A dining room of one’s own: The Bloomsbury Group's heady relationship with food
The Bloomsbury Group were, among other things, the foodies of their day, their enthusiasm for the heady flavours of southern French cuisine in tune with their love of French art. Now a new book offers a delicious taste of life at their tables
Prolific writer and commentator John Walsh contributes columns to the paper as well as writing features, interviews and restaurant reviews. He has been editor of The Independent Magazine, literary editor of the Sunday Times and features editor of the London Evening Standard.
Friday 21 March 2014
It’s unclear whether it was Michael Holroyd’s biography of Lytton Strachey or Quentin Bell’s life of his aunt Virginia Woolf or the rise of the women’s movement that sparked off the vogue for the Bloomsbury Group in the early 1970s, but the spark soon became a blaze. In the last quarter of the 20th century, the Group that had done so much to change, and scandalise, the first quarter became a publishing phenomenon: titles such as Edwardian Bloomsbury, Georgian Bloomsbury, Bloomsbury: A House of Lions, Bloomsbury Rooms and The Loving Friends: A Portrait of Bloomsbury were joined by biographies of all the participants, films about Virginia Woolf and Dora Carrington, exhibitions of paintings by Duncan Grant and Vanessa Bell, memoirs of the Woolfs’ publishing house, the Hogarth Press… You’d have thought that, by the 2010s, every drop of interest had been wrung from the subject.
Now, however, comes The Bloomsbury Cookbook: Recipes for Life, Love and Art, and my first thought is: why has nobody thought of this before? Jans Ondaatje Rolls has inspected letters, diaries and memoirs for references to food, and found a treasure trove of lunches, dinners, celebratory feasts, descriptions of gastronomic treats, and umpteen recipes. It shouldn’t be surprising – after all, the Group’s main activities, apart from lying in deckchairs and having sex with each other, involved talking at tables laden with food and drink – but it’s still a surprise. One somehow cannot imagine Virginia Woolf eating a boiled egg, let alone peeling potatoes.
The friends’ interest in food was more in the consumption than the prepping, but it blended in with their other passions, as Ondaatje Rolls explains: “Despite a profound ignorance of all aspects of food preparation, the members of the Bloomsbury Group were the foodies of their day: enthusiastic about tasty, ‘unfussy’ dishes and passionate about Côtes de Provence wines and the heady flavours of southern French cuisine, which tied in well with their love of French Post-Impressionism in art. Their servants were sent on cooking courses, and provided with the latest French-style cookery books…”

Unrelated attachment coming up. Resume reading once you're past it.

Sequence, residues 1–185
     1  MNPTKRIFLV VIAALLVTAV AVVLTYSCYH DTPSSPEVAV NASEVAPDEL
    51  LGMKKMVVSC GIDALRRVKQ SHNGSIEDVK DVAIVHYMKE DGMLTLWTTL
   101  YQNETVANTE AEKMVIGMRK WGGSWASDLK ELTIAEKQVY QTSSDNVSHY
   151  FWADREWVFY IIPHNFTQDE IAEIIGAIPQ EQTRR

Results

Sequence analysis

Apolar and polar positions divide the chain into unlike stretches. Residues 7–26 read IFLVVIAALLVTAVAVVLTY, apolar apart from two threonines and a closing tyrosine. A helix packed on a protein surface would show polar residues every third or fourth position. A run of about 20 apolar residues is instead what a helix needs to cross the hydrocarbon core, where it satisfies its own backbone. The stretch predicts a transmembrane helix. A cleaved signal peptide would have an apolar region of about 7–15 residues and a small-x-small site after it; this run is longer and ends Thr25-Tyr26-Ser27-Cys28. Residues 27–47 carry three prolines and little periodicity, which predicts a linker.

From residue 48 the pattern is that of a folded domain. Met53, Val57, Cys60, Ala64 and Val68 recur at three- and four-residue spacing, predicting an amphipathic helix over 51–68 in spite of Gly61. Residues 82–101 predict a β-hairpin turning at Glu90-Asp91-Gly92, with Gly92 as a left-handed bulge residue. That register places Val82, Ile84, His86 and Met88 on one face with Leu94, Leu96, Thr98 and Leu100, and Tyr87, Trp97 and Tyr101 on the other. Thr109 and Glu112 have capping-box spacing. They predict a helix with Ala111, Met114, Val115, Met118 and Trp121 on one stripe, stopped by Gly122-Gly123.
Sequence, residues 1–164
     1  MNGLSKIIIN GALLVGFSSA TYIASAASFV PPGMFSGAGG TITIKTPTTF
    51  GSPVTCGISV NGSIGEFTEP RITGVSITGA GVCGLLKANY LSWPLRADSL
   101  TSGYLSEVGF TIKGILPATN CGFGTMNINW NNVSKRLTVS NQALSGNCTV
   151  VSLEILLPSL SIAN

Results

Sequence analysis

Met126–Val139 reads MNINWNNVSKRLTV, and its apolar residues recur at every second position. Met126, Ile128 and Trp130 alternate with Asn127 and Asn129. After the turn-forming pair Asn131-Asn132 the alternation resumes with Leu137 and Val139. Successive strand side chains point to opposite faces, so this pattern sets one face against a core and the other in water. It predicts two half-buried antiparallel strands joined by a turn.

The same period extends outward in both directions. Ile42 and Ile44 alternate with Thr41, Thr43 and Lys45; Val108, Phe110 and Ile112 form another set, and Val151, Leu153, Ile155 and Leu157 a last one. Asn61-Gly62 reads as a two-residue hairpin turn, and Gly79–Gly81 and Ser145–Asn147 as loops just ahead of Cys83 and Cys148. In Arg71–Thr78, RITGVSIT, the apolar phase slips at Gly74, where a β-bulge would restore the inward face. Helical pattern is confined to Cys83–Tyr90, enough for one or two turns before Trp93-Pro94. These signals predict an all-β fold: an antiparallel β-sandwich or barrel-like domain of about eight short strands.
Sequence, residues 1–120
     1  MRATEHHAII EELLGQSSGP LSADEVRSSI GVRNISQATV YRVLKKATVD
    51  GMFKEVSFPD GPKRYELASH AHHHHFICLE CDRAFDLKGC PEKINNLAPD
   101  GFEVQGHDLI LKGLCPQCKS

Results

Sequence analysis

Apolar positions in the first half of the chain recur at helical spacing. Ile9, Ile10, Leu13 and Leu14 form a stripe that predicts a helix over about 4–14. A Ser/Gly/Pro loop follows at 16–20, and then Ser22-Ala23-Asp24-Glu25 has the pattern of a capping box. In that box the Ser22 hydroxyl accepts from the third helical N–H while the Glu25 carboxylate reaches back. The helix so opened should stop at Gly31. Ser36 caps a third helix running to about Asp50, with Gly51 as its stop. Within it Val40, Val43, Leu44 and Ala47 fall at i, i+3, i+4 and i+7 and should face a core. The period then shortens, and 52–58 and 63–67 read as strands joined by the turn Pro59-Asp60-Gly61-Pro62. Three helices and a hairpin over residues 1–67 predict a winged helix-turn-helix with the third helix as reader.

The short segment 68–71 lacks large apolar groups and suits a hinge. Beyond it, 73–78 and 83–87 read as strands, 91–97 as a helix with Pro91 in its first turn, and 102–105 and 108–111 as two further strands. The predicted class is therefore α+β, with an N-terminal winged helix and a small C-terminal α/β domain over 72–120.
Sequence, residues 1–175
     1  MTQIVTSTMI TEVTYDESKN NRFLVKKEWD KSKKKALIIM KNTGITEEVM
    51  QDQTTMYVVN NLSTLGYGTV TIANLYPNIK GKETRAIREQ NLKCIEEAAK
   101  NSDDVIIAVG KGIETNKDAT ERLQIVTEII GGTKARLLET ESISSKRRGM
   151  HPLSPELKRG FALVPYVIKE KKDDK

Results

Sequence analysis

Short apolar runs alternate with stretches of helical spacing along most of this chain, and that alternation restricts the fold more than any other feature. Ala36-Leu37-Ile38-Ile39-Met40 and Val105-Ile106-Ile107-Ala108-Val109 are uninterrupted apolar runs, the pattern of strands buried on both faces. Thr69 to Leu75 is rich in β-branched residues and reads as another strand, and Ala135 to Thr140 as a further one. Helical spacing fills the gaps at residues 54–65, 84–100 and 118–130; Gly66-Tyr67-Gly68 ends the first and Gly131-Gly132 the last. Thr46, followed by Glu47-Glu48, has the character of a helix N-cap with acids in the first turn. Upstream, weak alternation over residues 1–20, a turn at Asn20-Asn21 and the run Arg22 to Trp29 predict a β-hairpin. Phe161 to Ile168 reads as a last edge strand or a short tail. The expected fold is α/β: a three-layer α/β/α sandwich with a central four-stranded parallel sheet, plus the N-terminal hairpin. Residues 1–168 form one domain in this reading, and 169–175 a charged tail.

Her book is considerably more than a cookbook. Along with 170 recipes, there’s a vivid potted history of the Group from its inception in 1905, at Thoby Stephen’s “Thursday Evenings” with his Cambridge pals, to its decline in the late 1930s at the onset of war. There are pungent extracts from letters and memoirs, lots of photographs and gorgeous paintings in that very English Post-Impressionist style, especially by Grant, Bell and Carrington.
The presence of food as an index or emblem of character gives the most delight. How piquant to discover that Woolf was a huge fan of crème brûlée and that Lytton Strachey, the bearded homosexual beanpole with the squeaky voice (“How simply too extraordinary”), ate nursery food – rice pudding, milk and rusks – in his late twenties. How pleasant to find that the intellectual super-élite at Cambridge, the “Apostles” (to whom most of the Group belonged), interrupted their elevated discussions about “the Good” to eat their favourite snack, “whales”, aka sardines on toast.
How splendid that Lady Ottoline Morrell, the long-jawed, sexually voracious socialite and MP’s wife, invited guests to lunch, tea, dinner or an after-dinner party and served plum pudding at all of them (to go, you see, with the celebrity “plums” of society she’d invited). How delightful to find that, when Lydia Lopokova, the delicate Russian ballerina (“Sergei Diaghilev’s doll-like protégée”, as Ondaatje Rolls describes her) with whom the enthusiastically homosexual John Maynard Keynes fell passionately in love, was asked to supply a recipe for The Ballet Cook Book, she nominated a surprisingly hefty stew involving turnips, potatoes, carrots, onions and three pounds of mutton.